Hormonal receptors are receptors activated by hormones. These hormones act through different receptors and produce different responses. If the receptor or signaling mechanism of a hormone is impaired, the physiological function of the hormone is lost. Hormonal receptors may be intracellular receptors, directly linked to ion channels, G protein-coupled receptors, intrinsic tyrosine kinase receptors, or linked to tyrosine kinase receptors. Thyroid hormone receptors and glucocorticoid receptors are the intercellular receptors that bind to specific DNA sequences and alter gene transcription. Hormones acting through G protein-coupled receptors include thyroid stimulating hormone, glucagon, catecholamines, luteinizing hormone, parathyroid hormone, etc. Hormones acting through tyrosine kinase and tyrosine kinase-linked receptors include leptin and insulin etc.

Autonomic receptors

Autonomic receptors are the receptors involved in the sympathetic and parasympathetic nervous systems. The receptors involved in the parasympathetic nervous system are called cholinergic receptors as they respond to acetylcholine. They include muscarinic and nicotinic receptors. The receptors of the sympathetic nervous system are called adrenergic receptors as they respond to adrenaline and norepinephrine. They include alpha and beta receptors. Their distribution and responses vary in different body parts.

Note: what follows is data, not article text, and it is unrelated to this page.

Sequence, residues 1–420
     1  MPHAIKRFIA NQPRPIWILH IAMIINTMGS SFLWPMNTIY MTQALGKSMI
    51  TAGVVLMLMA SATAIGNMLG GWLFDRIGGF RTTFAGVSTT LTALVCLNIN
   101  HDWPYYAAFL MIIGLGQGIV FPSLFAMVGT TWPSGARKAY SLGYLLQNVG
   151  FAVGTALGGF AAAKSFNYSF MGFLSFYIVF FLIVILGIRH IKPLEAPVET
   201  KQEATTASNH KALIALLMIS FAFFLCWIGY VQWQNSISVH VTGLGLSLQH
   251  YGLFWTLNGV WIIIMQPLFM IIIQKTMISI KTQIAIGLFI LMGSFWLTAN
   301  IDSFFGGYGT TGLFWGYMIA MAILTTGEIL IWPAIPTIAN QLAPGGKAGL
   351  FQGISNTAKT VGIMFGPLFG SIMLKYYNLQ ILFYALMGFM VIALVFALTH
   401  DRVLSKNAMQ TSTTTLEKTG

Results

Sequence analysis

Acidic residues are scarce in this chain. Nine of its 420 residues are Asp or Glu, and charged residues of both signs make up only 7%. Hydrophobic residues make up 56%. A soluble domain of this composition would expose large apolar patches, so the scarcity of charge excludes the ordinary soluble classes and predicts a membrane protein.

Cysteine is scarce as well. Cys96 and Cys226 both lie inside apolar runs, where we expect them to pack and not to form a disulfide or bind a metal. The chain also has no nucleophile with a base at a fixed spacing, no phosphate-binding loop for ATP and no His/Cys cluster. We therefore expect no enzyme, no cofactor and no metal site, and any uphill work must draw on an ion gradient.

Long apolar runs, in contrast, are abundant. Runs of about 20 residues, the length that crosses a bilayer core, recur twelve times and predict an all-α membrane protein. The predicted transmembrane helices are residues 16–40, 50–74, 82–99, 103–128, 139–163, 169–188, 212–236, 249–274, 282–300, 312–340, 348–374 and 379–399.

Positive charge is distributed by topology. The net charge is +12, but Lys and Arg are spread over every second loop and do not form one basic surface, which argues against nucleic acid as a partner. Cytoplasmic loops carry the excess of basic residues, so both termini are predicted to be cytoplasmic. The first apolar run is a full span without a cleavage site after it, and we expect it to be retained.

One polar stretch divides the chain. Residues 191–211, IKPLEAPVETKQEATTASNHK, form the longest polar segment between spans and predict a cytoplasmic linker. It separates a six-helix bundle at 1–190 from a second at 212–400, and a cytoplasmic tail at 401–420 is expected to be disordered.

Cholinergic receptors

Cholinergic receptors (muscarinic and nicotinic receptors) are stimulated by acetylcholine which is released at the postsynaptic parasympathetic nerve fibers. Muscarinic receptors are further classified into M1, M2, and M3 receptors. M1 and M3 are Gq coupled while M2 is a Gi-coupled receptor. M1 is found in glands of GIT and increases secretions. M2 is found in sinoatrial and atrioventricular nodes and decreases heart rate and conduction velocity upon stimulation. M3 has a wide distribution. It is present in the sphincter of the iris and ciliary muscles where it produces miosis and accommodation to near vision. It’s present in bronchioles where it causes bronchospasm and increases glands’ secretions. M3 stimulation in GIT increases motility, in the bladder it causes contraction of the detrusor muscle and relaxation of the trigone and sphincter to promote urination, in blood vessels M3 stimulation causes vasodilation. M3 stimulation is also found to increase sweating, salivation, and lacrimation. Nicotinic receptors are found in the autonomic ganglia, adrenal medulla, and neuromuscular junction. They are directly linked to Na/K ion channels. Their stimulation causes generalized ganglionic activation, catecholamine release, and muscle twitching & increased contractility.

Adrenergic receptors